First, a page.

TO THE SAME.
Baugy, April 22, 1838.
I am not only absorbed by my work, but by a thousand thoughts that are inspired by the books I read, or that come of themselves. For my mind has never been so active as in this seclusion. I have not for years read so much, or meditated so much on my reading, as during the four months I have been engaged on my “Democracy.” I am now putting the last touches to the penultimate chapter. But what will be the length of the last of all? Into how many sub-divisions will it fall? As yet I cannot tell. All that I know is, that before I begin it I must collect all my powers, so as to end brilliantly. I am alarmed at the prospect of this crowning chapter. I think that I shall be several months about it. I shall not attempt it till I am at Tocqueville.
I cannot describe to you, my dear friend, the disgust that I feel, when I see the public men of our day making a traffic, to serve the petty interest of the moment, of things so serious and so sacred as political principles. These sudden conversions hurt me perhaps even more deeply than the violent opposition of former times. I am alarmed; and I ask myself if selfishness be indeed in this world the sole motive, and if what we take for opinions and feelings are not the mere organs through which it speaks and acts. I am, however, somewhat reconciled to our age, by observing in it some resemblance to what is recorded by my indiscreet and gossiping Plutarch of the most flourishing periods in ancient history. This raises a little our contemporaries, but degrades the race.
I retract, however, the last words: we must not despise man if we wish to obtain great things from ourselves or from others. The other day, as I was thinking over the intellectual creations which have taken most hold on men’s imaginations, and of which the effect has been most striking and most lasting, I found that the great majority were books deeply embued with the great principles of the good and the beautiful, with the salutary and elevating theories of the existence of a Divine Being, and of the immortality of the soul; and that the most popular works were those which set forth in the strongest relief these principles and these theories. If this be the secret of the most complete and enduring of literary triumphs, it proves that this is the strongest and most constant tendency of the human mind. Take away from Plato, for instance, the aspirations towards immortality and infinity, and leave only his antiquated style, his unfinished and often absurd science, his eloquence, which we lose at this distance of time; he would soon become unknown and unreadable. But Plato addressed himself to the noblest and most permanent instincts in our nature; and he will live as long as men live upon earth; be will carry away even those who only half understand him; and he will always occupy a distinguished place in the intellectual world.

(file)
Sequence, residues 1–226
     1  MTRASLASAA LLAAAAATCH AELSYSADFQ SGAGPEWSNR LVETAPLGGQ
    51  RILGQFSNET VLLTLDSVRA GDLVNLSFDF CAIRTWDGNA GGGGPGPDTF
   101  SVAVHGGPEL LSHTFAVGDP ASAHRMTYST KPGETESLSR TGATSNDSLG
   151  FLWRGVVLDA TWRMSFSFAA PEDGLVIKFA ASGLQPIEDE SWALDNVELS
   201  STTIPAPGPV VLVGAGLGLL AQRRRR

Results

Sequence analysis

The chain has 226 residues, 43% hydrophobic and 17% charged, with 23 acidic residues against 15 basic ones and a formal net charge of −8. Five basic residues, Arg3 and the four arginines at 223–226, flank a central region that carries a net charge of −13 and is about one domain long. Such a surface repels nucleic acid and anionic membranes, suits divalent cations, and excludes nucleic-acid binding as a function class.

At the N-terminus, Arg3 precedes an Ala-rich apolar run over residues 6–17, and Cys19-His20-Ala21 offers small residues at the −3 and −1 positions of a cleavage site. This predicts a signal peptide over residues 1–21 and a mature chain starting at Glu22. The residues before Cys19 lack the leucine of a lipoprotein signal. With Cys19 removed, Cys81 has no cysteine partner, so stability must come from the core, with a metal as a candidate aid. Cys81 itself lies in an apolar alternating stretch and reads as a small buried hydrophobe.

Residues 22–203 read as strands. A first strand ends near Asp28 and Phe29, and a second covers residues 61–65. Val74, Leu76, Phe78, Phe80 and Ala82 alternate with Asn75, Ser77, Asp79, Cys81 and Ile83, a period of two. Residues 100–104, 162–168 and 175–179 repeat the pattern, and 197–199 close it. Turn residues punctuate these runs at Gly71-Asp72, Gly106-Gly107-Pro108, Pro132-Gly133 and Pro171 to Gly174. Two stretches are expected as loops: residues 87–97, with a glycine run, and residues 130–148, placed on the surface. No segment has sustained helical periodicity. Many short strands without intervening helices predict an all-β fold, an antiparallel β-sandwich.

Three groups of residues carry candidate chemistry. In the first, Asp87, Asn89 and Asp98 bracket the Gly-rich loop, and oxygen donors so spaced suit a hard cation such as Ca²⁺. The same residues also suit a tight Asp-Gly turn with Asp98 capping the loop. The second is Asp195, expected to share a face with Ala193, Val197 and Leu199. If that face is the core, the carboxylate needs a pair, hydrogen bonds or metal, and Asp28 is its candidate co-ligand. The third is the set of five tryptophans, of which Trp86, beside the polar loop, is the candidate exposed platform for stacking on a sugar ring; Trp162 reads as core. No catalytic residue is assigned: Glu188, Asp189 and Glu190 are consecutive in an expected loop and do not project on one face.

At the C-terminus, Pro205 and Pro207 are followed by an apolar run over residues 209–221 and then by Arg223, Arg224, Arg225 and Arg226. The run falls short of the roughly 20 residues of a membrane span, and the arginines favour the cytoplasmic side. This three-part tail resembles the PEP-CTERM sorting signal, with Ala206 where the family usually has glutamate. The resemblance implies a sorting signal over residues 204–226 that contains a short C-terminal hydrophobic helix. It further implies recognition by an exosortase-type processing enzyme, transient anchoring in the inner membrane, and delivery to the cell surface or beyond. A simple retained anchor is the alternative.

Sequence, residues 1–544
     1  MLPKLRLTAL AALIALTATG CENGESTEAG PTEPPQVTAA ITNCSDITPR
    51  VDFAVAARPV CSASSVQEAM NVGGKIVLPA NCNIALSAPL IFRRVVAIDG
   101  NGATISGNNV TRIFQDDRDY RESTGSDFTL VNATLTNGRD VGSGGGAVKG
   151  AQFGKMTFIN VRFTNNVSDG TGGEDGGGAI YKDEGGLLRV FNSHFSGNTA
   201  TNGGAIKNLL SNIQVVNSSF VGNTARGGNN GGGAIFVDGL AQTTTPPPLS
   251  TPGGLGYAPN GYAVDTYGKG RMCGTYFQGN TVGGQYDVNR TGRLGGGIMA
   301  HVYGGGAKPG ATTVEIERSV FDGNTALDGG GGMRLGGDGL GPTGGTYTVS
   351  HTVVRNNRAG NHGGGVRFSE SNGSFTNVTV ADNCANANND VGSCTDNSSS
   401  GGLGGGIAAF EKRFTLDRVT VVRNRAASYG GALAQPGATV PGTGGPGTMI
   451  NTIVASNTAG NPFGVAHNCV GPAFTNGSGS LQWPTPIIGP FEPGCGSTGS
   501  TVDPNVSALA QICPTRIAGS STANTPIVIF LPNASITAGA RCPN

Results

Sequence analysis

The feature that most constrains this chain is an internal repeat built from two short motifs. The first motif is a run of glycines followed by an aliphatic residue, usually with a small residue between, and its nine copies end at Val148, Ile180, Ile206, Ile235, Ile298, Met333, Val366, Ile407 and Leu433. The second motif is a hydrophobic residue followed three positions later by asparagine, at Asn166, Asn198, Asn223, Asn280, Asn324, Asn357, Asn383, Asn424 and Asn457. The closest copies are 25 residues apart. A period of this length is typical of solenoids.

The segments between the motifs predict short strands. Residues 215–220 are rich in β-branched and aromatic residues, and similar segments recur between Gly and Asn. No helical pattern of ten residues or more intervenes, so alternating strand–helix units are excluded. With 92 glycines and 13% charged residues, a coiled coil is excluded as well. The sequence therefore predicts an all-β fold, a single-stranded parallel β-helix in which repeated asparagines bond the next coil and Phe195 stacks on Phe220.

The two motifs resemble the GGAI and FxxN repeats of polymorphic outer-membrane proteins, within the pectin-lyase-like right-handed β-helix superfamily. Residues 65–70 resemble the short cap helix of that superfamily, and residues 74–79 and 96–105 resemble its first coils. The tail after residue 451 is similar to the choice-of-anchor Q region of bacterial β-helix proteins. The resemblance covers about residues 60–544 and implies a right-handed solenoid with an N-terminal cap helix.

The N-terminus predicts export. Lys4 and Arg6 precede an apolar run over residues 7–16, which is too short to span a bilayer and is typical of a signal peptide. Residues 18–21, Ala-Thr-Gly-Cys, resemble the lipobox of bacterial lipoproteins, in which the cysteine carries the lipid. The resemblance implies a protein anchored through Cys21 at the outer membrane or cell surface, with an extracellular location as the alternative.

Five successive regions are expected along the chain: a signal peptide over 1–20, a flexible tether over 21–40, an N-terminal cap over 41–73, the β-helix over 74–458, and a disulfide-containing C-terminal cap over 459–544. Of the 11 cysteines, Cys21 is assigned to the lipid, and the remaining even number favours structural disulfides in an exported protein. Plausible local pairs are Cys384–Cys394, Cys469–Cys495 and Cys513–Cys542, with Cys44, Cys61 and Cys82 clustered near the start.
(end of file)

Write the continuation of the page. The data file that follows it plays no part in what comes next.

I reproach myself for having allowed my pen to run away with me. You will not care about what I have just said: not that you are incapable of interesting yourself in ideas of this sort; but because you cannot do two things at once. Your mind is indivisible. You are not much to be pitied for this, for it is a proof of strength. You are always in a blaze, but one thing only fires you at a time; you have neither curiosity nor interest to spare for anything else. It is thus, that in spite of our extreme intimacy, there have always been some points on which we never have met nor understood one another. I have an insatiable curiosity which draws me continually to the right and to the left of my path. Your’s is equally importunate, but it always leads you straight forward. I have often been tempted to chatter to you about a thousand things, unconnected with our regular studies, which were jostling against one another in my head; but I have always been checked by remembering that, as I had for the moment wandered into a new path, I could not hope to draw you after me. Which of us regulates his mind in the wisest manner? I cannot tell. I think that the result will be that you will always know things better, and that I shall always know more things. You would laugh to see the odd heterogeneous pile of books on my table, almost all of which I have devoured within the last four months: Rabelais, Plutarch, the Koran, Cervantes, Machiavelli, Fontenelle, St. Evremont, &c. &c. I have put all this pell-mell, and without any arrangement, into my head.